1948 Aldro Hibbard Oil Painting

Value (2012) | $45,000 Insurance$50,000 Insurance

Mayor Menino, we are so excited to have you here at the Antiques Roadshow. You couldn't have brought more of a native son painting. The painting is by Aldro Hibbard. He was born in Falmouth, grew up in Dorchester, went to the Museum School in Boston, then he taught at Boston University, taught art at Boston University, and then was one of the founders of the Rockport Art Association. So he's been all over our area. How did the city come by the painting?

The painting was found at the Mather School in Dorchester, the oldest elementary school in America. It was found there in the attic, and we found it one day, and a woman who worked for me says, "Mayor, we got this beautiful painting. Would you have it at the Parkman House?" And that's where it's been hanging for the last several years.

And the Parkman House is the official...

The official residence of the city of Boston of the Mayor. It's a house the Parkman family gave to the city of Boston in the early 1900s.

In terms of the style, Aldro Hibbard was a post-impressionist. He summered in Rockport, but he spent the winters in Vermont, so this in fact is a Vermont winter scene. He was fairly prolific and best known for his winter scenes. There was an article in the Boston Globe in 1918 saying that, "Some artists paint snow, and it's just white paint. Aldro Hibbard paints snow, and it's snow." And you can see the beautiful delineation of the blues and the greens and all the highlights of the painting that he really understands how to capture the colors and the light. It really comes from the high point of his career. It is mid-career, and he is at the top of his game. Have you ever had the painting appraised for the city?

Never had it appraised before.

Beautiful painting, framed under glass. That has kept the painting in very good condition and is quite clean, doesn't need any restoration. And a beautiful, hand-carved frame. For insurance, I would think that we would value the piece at between $45,000 and $50,000.

Wow. $45,000 and $50,000, huh?


That's pretty good. We're going to keep it at the Parkman House and show the public what a beautiful painting we have.

It's a great gift to the city. Thank you for bringing it in.

Thank you.

Appraisal Details

Colleene Fesko Works of Art
Boston, MA
Appraised value (2012)
$45,000 Insurance$50,000 Insurance
Boston, MA (June 09, 2012)
February 25, 2013: After this appraisal aired, we received several emails from viewers who recognized the location of the placid Vermont scene. They said the painting depicts the village of South Londonderry, Vermont. Sadly, a fire destroyed the First Baptist Church (the red building with the steeple seen atop the hill in the background of the painting) in 2010.

Executive producer Marsha Bemko shares her tips for getting the most out of ANTIQUES ROADSHOW.

Value can change: The value of an item is dependent upon many things, including the condition of the object itself, trends in the market for that kind of object, and the location where the item will be sold. These are just some of the reasons why the answer to the question "What's it worth?" is so often "It depends."

Note the date: Take note of the date the appraisal was recorded. This information appears in the upper left corner of the page, with the label "Appraised On." Values change over time according to market forces, so the current value of the item could be higher, lower, or the same as when our expert first appraised it.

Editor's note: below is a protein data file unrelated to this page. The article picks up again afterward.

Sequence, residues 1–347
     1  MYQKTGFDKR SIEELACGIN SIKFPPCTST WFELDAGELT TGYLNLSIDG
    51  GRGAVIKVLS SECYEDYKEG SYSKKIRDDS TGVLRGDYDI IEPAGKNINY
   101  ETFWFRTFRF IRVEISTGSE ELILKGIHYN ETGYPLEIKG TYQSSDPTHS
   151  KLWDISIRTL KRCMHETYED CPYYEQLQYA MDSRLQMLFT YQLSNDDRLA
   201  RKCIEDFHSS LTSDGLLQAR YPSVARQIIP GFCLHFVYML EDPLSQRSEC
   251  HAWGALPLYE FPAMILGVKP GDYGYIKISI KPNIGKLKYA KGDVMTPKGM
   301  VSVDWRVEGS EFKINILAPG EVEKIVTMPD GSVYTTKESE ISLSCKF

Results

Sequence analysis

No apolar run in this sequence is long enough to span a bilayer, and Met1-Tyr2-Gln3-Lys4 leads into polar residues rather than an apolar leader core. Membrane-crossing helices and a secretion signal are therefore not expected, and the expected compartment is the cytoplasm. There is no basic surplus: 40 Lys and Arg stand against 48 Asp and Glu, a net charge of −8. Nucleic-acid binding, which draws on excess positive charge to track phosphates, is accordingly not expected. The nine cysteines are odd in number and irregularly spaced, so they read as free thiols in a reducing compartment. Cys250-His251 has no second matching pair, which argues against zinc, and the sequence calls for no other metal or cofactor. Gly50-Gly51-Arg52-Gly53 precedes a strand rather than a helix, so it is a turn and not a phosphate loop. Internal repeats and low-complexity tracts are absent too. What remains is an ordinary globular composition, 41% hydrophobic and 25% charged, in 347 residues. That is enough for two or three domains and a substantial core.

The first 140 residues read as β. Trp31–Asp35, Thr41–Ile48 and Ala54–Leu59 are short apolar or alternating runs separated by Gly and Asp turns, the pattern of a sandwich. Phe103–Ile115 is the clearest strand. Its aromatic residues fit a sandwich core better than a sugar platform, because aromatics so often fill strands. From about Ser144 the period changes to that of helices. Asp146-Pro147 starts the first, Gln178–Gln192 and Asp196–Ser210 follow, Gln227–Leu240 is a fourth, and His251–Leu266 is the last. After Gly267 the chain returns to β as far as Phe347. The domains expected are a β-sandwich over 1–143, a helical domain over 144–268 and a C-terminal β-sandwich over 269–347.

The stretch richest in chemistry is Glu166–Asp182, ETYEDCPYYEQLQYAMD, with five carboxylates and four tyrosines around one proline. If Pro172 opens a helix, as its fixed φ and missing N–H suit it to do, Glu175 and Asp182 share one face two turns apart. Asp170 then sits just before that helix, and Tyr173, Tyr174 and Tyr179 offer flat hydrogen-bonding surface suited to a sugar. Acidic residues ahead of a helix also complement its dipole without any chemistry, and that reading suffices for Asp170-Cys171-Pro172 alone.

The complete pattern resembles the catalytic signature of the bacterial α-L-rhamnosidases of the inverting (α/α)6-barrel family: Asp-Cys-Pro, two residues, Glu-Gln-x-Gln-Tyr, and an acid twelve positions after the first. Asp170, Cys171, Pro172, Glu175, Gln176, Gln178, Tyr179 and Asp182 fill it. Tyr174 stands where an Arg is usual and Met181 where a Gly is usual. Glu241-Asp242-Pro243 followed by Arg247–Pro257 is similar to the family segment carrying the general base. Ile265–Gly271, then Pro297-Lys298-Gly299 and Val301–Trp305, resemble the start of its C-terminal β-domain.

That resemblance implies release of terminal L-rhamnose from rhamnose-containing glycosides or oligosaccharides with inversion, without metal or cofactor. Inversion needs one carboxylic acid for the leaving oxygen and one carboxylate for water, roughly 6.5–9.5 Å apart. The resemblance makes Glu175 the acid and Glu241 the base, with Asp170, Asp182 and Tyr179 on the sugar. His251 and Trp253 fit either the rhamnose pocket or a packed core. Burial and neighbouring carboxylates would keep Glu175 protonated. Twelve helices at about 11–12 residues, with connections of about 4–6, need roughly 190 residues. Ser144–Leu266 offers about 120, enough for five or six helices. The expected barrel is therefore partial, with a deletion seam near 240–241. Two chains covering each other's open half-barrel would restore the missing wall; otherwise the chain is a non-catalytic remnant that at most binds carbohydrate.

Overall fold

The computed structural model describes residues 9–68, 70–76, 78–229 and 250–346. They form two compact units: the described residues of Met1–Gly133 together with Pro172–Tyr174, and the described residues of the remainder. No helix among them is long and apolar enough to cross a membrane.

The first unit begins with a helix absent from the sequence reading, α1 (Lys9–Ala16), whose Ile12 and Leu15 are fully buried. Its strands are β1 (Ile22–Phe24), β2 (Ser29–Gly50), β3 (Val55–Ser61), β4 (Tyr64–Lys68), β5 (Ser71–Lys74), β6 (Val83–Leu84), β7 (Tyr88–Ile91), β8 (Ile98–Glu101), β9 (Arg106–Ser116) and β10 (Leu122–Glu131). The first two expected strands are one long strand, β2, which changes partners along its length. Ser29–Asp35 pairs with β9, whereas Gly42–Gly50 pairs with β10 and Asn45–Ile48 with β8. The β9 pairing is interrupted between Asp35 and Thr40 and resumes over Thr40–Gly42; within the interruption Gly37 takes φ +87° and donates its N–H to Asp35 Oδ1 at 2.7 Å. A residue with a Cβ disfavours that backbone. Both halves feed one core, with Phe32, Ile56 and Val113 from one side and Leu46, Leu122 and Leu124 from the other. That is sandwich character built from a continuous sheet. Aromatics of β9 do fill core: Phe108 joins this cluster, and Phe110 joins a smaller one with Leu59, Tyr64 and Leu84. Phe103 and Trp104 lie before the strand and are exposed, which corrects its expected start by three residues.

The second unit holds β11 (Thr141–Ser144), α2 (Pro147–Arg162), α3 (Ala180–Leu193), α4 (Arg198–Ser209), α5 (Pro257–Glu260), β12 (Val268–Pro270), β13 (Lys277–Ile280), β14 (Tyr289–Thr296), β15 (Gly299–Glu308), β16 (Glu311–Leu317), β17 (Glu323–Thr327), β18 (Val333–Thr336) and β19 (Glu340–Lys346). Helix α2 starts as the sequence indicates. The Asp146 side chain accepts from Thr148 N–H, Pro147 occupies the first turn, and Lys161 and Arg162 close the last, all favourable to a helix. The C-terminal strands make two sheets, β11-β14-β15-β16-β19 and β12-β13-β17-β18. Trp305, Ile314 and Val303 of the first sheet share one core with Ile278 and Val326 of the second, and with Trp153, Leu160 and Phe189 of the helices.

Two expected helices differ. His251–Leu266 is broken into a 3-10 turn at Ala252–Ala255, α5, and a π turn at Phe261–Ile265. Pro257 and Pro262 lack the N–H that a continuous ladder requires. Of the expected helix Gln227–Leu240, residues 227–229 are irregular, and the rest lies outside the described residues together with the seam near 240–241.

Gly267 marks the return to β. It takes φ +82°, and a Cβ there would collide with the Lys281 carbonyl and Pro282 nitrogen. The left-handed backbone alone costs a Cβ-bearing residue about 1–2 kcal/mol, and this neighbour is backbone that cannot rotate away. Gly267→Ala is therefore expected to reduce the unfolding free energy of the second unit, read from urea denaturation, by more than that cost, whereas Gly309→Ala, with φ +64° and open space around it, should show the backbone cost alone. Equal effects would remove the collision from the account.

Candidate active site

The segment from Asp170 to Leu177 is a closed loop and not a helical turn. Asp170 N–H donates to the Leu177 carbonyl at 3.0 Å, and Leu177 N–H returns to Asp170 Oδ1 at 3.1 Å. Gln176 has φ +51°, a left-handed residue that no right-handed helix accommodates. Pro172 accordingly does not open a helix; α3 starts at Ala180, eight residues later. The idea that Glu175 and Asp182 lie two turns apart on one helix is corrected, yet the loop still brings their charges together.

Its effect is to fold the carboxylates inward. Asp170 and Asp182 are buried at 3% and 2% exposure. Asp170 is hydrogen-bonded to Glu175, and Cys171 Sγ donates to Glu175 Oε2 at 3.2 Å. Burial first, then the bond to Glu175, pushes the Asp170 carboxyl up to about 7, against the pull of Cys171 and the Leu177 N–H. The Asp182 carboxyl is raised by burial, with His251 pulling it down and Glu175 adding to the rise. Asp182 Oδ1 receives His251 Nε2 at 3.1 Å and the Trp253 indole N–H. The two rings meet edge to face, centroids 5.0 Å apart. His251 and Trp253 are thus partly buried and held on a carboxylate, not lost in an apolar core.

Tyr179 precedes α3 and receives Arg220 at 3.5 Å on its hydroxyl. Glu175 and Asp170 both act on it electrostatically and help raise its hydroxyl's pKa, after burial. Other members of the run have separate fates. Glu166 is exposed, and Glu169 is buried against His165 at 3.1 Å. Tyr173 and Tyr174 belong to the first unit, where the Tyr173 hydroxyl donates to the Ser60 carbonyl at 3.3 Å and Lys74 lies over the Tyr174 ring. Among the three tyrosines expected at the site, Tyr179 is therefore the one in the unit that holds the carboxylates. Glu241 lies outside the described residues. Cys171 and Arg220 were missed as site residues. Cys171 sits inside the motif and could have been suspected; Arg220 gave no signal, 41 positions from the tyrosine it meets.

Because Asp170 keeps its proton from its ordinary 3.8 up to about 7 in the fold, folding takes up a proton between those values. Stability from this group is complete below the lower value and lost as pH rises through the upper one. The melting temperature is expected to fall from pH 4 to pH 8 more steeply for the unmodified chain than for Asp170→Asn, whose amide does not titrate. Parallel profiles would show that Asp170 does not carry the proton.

Context is key: Listen carefully. Most of our experts will give appraisal values in context. For example, you'll often hear them say what an item is worth "at auction," or "retail," or "for insurance purposes" (replacement value). Retail prices are different from wholesale prices. Often an auctioneer will talk about what she knows best: the auction market. A shop owner will usually talk about what he knows best: the retail price he'd place on the object in his shop. And though there are no hard and fast rules, an object's auction price can often be half its retail value; yet for other objects, an auction price could be higher than retail. As a rule, however, retail and insurance/replacement values are about the same.

Verbal approximations: The values given by the experts on ANTIQUES ROADSHOW are considered "verbal approximations of value." Technically, an "appraisal" is a legal document, generally for insurance purposes, written by a qualified expert and paid for by the owner of the item. An appraisal usually involves an extensive amount of research to establish authenticity, provenance, composition, method of construction, and other important attributes of a particular object.

Opinion of value: As with all appraisals, the verbal approximations of value given at ROADSHOW events are our experts' opinions formed from their knowledge of antiques and collectibles, market trends, and other factors. Although our valuations are based on research and experience, opinions can, and sometimes do, vary among experts.

Appraiser affiliations: Finally, the affiliation of the appraiser may have changed since the appraisal was recorded. To see current contact information for an appraiser in the ROADSHOW Archive, click on the link below the appraiser's picture. Our Appraiser Index also contains a complete list of active ROADSHOW appraisers and their contact details and biographies.